Control of water hyacinth in field trials in the Niger Delta, Nigeria, using glyphosate at 2.88 kg ha-1, resulted in all plants being killed 7 days after treatment. The dead plants sunk or were removed. Subsequent fish catches have shown that the number of some species increased after the treatment, and 28 days after the treatment the catches contained high numbers of juvenile and immature fish (Olaleye and Akinyemiju, 1996). The increase in fish is considered to be the result of improved water quality after the removal of herbicide-treated water hyacinth.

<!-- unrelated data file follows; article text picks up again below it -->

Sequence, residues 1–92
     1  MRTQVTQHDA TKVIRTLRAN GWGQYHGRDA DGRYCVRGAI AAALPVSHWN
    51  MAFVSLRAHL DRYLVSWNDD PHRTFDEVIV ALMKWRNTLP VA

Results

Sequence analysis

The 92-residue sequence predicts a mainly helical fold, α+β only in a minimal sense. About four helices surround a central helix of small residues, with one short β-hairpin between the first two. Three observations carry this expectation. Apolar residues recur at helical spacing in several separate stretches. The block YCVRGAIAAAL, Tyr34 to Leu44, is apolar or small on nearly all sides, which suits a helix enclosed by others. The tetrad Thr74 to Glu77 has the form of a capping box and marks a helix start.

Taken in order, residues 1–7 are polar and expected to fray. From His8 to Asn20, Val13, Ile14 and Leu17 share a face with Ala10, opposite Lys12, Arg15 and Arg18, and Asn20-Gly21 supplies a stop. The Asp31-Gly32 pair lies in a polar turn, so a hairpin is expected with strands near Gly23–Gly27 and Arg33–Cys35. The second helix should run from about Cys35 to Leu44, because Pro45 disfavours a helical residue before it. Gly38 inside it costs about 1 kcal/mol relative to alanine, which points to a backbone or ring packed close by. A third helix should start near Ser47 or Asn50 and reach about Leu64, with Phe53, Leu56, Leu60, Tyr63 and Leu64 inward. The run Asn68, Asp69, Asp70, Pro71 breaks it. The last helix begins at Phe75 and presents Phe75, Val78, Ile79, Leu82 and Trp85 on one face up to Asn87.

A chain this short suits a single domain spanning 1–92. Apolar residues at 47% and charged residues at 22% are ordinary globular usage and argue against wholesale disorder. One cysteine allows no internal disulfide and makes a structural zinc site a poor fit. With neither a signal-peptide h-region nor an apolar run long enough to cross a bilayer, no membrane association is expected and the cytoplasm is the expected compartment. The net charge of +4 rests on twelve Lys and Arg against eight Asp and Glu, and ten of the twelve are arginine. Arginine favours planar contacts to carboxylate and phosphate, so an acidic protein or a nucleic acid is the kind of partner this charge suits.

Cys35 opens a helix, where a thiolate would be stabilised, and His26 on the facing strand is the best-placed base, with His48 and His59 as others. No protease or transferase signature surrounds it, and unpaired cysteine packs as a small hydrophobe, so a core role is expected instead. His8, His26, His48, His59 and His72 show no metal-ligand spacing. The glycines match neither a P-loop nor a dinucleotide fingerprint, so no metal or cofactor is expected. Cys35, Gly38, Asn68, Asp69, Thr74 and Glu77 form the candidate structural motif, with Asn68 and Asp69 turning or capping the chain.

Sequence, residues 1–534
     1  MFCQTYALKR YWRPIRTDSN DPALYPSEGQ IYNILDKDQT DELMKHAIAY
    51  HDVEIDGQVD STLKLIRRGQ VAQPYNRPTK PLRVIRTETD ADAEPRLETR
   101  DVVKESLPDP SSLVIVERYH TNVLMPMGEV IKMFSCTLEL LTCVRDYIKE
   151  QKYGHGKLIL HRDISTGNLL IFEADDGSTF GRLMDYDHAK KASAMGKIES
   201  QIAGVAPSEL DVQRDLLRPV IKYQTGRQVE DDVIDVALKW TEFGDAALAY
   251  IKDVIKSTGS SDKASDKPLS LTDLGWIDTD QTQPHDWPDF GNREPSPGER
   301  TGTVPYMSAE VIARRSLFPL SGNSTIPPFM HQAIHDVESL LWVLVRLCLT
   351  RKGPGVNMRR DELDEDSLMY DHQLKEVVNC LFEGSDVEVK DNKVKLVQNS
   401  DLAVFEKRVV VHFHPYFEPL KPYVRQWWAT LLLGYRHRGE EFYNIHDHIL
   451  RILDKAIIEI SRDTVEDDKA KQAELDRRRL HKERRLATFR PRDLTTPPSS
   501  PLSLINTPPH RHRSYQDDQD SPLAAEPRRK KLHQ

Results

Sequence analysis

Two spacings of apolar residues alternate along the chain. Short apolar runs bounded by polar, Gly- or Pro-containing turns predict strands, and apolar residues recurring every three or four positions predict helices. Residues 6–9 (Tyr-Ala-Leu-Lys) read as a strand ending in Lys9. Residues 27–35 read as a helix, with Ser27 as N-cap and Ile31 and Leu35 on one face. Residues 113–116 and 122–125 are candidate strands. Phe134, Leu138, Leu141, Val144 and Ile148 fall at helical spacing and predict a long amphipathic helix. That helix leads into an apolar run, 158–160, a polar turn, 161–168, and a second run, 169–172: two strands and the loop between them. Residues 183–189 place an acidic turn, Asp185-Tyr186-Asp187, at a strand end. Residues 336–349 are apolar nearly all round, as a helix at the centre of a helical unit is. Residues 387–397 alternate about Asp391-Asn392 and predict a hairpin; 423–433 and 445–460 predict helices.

Control of water hyacinth on small areas using 2,4-D is effective, and while fish are not being poisoned by the herbicide, the elimination of the weed in some waters may have an effect on fish which feed among its hanging roots and take shelter there. The herbicide 2,4-D is widely used in fish ponds for controlling aquatic weeds and algal blooms. While some studies suggested a negative impact of this herbicide on survival and growth of fish (Smith, 1952), others have noted a beneficial influence, such as for bottom-feeding fish (e.g. Sarkar, 1991). The rate of application was found to be of importance, with application of 2,4-D at 4.3 kg ha-1 being non-toxic for tilapias (Khogali and Moghraley, 1979). As a response to the treatment of aquatic weeds in fish ponds in India at concentrations of 4.5 to 10.5 kg ha-1 there was an increase in the bottom invertebrate fauna. Consequently, the bottom feeding common carp and mrigal (Cirrhinus mrigala) showed an increase in the growth rate as compared to the column-feeding fish catla (Catla catla) and rohu (Labeo rohita). The reduction in the yield of the column-feeding fish which feed on plankton was considered to be due to the destruction of the plankton following herbicide treatment. Also in India, Patnaik (1976) tested the impact of 2,4-D on water hyacinth, Spirodela polyrhiza, Azolla pinnata and Salvinia cucullata at concentrations up to 3.0 kg ha-1. He found no harmful effects on fish, i.e. Notopterus notopterus, Barbus ticto, Channa striatus, Cirrhinus mrigala, Labeo rohita, L. bata, Catla catla, Cyprinus carpio, Hypophthalmichthys molitrix.